We got clarification that, despite sharing her room with another patient, Emily is still actually in isolation. Due to her previous MRSA-positive test, Emily will always be considered a possible carrier. However, MRSA is only spread through touch so, while she doesn’t have to stay in a negative pressure room, she is not going to be allowed to leave her room. No play room, no hall-walking. When Emily was immobile this would have been challenge enough, but now that she’s finally regaining some physical strength and enthusiasm, this is going to be an even greater difficulty for our playful Stitch.

Despite the fact that Emily’s temperature had gone down by the time she was checked in at the E.R., Emily was put on on a general antibiotic last night. A second antibiotic, Vancomyacin, was begun this morning just in case the fever was caused by MRSA. Tomorrow, an ethanol lock will be started on her Broviac lumen to flush any possible bacteria out and ensure the lumen is infection free. We don’t mess around when Emily has no immune system of her own!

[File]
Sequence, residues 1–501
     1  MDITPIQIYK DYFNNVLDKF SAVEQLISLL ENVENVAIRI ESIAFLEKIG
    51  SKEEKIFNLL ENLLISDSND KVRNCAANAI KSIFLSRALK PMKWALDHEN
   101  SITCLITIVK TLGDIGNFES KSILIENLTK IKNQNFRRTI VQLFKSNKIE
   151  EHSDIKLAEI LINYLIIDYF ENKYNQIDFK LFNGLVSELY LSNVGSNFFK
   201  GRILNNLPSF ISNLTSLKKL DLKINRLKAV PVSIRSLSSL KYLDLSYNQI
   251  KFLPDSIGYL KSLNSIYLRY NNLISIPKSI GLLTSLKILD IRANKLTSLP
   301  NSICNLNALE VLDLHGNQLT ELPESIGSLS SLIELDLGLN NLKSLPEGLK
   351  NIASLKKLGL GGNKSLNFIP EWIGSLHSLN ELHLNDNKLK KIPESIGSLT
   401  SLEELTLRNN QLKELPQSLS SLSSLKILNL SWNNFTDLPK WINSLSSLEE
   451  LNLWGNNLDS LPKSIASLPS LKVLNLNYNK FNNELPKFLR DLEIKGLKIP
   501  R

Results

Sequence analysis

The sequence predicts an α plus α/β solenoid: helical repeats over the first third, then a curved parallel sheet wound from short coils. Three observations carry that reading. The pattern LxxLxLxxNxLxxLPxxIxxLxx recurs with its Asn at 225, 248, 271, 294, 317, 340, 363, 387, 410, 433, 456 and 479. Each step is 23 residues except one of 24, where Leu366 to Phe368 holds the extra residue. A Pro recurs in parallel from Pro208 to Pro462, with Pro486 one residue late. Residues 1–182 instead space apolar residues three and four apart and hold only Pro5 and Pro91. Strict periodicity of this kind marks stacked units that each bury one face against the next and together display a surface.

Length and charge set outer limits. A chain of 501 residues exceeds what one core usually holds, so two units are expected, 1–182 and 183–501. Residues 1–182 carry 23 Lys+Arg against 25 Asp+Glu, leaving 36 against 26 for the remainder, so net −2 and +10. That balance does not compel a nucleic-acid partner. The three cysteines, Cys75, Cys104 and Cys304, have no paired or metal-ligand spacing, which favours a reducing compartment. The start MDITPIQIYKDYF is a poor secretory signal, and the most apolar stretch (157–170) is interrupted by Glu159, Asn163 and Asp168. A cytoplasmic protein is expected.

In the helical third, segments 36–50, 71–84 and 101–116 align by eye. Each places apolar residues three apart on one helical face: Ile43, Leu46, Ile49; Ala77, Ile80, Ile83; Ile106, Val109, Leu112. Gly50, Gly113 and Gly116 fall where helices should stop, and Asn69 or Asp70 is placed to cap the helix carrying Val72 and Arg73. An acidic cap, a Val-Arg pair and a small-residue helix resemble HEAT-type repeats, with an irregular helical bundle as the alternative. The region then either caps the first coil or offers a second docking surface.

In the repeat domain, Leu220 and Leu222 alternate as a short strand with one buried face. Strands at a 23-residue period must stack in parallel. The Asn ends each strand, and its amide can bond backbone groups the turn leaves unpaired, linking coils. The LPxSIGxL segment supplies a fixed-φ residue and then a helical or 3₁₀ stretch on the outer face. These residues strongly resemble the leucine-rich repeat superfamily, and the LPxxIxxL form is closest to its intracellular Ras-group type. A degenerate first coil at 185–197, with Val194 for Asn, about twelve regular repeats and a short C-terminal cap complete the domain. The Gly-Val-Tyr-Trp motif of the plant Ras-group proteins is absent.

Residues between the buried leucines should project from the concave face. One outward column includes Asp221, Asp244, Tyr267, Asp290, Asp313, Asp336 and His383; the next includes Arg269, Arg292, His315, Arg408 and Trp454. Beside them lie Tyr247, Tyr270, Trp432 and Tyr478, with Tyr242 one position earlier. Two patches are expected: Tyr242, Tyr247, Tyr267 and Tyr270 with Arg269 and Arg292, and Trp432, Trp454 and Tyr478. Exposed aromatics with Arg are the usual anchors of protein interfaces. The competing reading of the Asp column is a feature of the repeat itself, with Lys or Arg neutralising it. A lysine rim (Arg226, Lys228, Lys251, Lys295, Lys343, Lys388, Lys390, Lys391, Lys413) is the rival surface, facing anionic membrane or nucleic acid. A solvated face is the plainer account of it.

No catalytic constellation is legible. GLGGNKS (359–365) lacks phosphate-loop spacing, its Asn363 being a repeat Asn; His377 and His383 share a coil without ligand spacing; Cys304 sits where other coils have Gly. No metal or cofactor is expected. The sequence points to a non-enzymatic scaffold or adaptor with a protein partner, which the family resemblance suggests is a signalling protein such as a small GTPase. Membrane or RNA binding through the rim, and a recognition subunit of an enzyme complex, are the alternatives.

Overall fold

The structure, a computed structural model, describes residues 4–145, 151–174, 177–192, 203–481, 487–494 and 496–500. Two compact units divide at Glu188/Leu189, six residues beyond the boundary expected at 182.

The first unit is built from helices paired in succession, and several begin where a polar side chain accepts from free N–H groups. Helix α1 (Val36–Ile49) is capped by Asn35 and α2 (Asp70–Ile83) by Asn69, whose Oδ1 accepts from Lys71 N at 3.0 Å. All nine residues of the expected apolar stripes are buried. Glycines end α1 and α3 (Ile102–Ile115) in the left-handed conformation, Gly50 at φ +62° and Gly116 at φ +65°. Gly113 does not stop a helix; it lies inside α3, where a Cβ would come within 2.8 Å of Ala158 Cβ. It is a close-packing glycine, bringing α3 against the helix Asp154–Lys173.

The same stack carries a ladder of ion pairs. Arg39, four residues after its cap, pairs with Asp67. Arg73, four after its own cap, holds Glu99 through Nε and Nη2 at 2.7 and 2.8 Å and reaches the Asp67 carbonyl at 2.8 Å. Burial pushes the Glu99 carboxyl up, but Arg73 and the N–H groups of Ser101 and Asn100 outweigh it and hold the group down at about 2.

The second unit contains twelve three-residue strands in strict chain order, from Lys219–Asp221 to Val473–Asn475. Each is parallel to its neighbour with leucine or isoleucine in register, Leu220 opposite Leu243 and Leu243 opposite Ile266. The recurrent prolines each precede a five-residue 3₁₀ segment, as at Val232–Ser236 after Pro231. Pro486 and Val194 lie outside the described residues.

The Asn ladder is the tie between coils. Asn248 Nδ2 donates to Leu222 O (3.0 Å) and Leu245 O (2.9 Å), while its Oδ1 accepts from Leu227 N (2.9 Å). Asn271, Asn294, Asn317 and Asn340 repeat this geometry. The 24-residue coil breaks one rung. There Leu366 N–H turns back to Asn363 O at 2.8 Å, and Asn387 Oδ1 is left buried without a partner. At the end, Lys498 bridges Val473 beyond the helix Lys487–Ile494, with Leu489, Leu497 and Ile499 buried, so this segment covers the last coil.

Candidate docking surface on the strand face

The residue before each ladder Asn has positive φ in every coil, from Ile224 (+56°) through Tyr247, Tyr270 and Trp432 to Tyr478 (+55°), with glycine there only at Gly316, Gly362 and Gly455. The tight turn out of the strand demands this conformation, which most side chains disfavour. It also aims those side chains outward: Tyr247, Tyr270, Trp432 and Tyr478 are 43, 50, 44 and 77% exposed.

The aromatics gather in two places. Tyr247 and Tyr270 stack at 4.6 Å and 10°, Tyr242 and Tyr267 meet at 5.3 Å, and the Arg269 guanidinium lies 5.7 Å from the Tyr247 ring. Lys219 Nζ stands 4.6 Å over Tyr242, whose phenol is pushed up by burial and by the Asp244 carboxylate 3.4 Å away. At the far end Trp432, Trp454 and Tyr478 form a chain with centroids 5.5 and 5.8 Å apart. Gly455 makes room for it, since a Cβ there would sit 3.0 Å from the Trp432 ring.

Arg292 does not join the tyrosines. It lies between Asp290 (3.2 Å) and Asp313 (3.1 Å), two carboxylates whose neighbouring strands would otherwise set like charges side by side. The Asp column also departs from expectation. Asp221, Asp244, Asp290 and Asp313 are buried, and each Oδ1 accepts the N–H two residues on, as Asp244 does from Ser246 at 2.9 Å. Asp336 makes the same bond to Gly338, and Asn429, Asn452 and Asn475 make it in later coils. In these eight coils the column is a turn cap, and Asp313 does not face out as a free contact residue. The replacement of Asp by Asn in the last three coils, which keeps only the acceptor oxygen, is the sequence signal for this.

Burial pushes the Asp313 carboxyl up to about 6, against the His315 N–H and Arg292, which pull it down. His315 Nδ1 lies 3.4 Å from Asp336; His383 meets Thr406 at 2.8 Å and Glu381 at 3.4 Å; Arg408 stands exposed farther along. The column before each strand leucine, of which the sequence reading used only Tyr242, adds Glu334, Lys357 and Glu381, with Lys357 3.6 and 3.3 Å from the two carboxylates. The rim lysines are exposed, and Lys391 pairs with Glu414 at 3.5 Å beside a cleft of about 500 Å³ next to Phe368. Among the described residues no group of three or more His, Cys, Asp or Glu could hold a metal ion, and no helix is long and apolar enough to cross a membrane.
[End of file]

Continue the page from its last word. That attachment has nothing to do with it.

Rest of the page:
If Emily’s temperature remains normal and her cultures come back negative, she could be released after 48 hours (tomorrow night). However, in the meantime some of Emily’s other physical conditions have come to the doctors’ attention and raised concerns.

Emily has been eating and drinking less but has had persistent diarrhea. With her low protein levels, sustained facial puffiness, and some vomiting today, the dietician has been consulted and there is discussion of keeping Emily hospitalized while they boost her nutrition intravenously or look at other dietary options. She was given morphine for pain (possibly as a result of her chemotherapy on Tuesday) and Zofran for nausea, in the meantime. Hopefully these will help Emily feel well enough to eat on her own.

Emily received two blood transfusions this morning as scheduled. Getting healthy blood always perks Emily up and visitors today got to see a playful, happy girl. However, it also means that Emily needs more distraction than her restrictive environment allows. If you’re thinking about visiting Emily and Christina this weekend, give Chrissie a call first just to make sure they are still actually there!

Please pray specifically for Emily’s physical body today. The chemotherapy has done a number on all of her systems and the nutritional concerns are really just a small part of that problem. Please pray that her body stays strong, that she’s able to get the nutrition that she desperately needs, and that she be able to get it at home rather than staying in the hospital!